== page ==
Seven recent graduates of Dartmouth’s Mellon Mays Undergraduate Fellows (MMUF) have begun PhD programs this fall. This is the largest cohort of fellows ever to begin doctoral study at the same time.
“This is a really exciting year for us. Collectively, these young scholars are advancing research in so many important fields—art history, English, sociology, political science, and interdisciplinary American studies,” says Professor Michelle Warren, faculty coordinator of MMUF and professor of comparative literature.
MMUF is the centerpiece of the Andrew W. Mellon Foundation’s initiatives to increase diversity in the faculty ranks at institutions of higher learning. It currently includes nearly 50 member schools and consortia in the United States and South Africa. The program was established in 1988 with eight founding institutions; Dartmouth joined in 1989.
In 2005, Dartmouth increased the number of students who could participate in the MMUF mission by three additional associate fellows. Associate fellows are jointly supported by the offices of the dean of the faculty and the provost.
These seven doctoral candidates starting programs this fall join the nearly 20 Dartmouth alumni already on the path to PhD degrees and the more than 30 who have already earned their doctorates.
“It’s wonderful to see their varied paths toward a common goal—some have enrolled directly after graduating from Dartmouth, while others have worked for several years before continuing their studies. I’m sure that before too long we’ll be celebrating the largest number of PhDs conferred in one year,” says Warren.
The 2017 doctoral cohort includes both Mellon Foundation Fellows and Dartmouth Associate Fellows. The fellows:
Nana Adjeiwaa-Manu ’16
Nana Adjeiwaa-Manu ’16 is a doctoral candidate in sociology at the University of Pennsylvania.
Hometown: White Plains, Md.
Dartmouth Major: Sociology modified with African and African-American studies; Hispanic studies minor
PhD Department: Sociology, University of Pennsylvania
Focus of Study: Immigrant adaptation and integration, social psychology, economic security, and the sociology of youth
Fellowships and awards: Fontaine Fellowship
“I am interested in immigrant adaptation and integration, social psychology, economic security, and the sociology of youth. At Dartmouth, I started conducting research during Soyica Colbert’s first year writing seminar on the Harlem Renaissance. Research allowed me to begin answering the many of the questions I had about the way societies and people organize themselves. As a sophomore, I worked as Associate Theater Professor Laura Edmondson’s research assistant, and was accepted as an Associate Fellow into the Mellon Mays Undergraduate Fellowship (MMUF) program. MMUF showed me that it was possible to be a scholar-educator who could use her research to shape policies and serve her community. Completing my senior thesis, which was supported by MMUF, the sociology department, and the Nelson A. Rockefeller Center for Public Policy, reaffirmed my goal of pursuing a graduate degree that would enhance my skills as a writer, researcher, thinker, and educator. The support of professors who encouraged my academic growth, a loving group of lifelong friends, and Dartmouth’s generous resources have been instrumental in helping me achieve my academic goals.”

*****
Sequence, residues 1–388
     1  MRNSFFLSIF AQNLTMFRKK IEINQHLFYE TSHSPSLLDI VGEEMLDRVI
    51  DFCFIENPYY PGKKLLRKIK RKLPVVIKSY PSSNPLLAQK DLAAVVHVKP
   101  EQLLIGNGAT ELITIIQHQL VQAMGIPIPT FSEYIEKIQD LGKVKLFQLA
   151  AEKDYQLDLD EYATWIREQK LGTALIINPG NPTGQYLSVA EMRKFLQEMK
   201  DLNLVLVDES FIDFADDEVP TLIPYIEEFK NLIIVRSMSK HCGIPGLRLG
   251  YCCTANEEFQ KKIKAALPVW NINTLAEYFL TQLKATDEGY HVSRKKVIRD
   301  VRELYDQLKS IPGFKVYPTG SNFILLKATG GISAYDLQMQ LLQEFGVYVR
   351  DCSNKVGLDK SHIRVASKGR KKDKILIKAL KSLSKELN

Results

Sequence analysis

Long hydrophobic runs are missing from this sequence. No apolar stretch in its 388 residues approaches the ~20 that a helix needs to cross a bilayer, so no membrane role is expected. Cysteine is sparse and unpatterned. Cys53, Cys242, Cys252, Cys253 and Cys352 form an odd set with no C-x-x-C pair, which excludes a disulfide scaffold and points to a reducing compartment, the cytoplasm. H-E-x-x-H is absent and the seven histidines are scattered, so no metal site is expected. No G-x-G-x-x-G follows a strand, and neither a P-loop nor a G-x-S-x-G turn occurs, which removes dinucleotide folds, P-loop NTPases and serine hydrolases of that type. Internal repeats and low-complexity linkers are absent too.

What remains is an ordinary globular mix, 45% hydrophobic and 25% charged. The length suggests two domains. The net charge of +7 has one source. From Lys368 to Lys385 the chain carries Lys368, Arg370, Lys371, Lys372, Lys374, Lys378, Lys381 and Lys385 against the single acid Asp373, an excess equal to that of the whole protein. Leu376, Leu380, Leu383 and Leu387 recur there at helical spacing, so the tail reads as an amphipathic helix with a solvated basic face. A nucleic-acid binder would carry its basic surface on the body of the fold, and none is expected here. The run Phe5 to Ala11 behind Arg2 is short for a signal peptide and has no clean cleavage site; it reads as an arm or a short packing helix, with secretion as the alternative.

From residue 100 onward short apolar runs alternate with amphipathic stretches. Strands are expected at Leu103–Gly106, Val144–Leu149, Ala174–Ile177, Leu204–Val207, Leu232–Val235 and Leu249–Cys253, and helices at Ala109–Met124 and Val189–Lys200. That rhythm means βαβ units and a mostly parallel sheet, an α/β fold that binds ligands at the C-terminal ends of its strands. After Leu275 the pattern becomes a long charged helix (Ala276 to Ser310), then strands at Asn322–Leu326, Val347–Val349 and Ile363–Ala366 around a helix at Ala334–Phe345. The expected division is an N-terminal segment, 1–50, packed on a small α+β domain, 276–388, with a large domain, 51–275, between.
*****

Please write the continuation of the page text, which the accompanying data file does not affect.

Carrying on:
Feyaad Allie ’16
Feyaad Allie ’16 is a doctoral candidate in political science at Stanford University.
Hometown: Coral Springs, Fla.
Dartmouth major: Government
PhD Department: Political Science, Stanford University
Focus of study: International relations and comparative politics with an intended focus on political violence, counter-terrorism, and Muslim-government relations
Fellowships and awards: National Science Foundation Graduate Research Fellowship, American Political Science Association Minority Fellowship, Stanford Enhancing Diversity in Graduate Education (EDGE) Doctoral Fellowship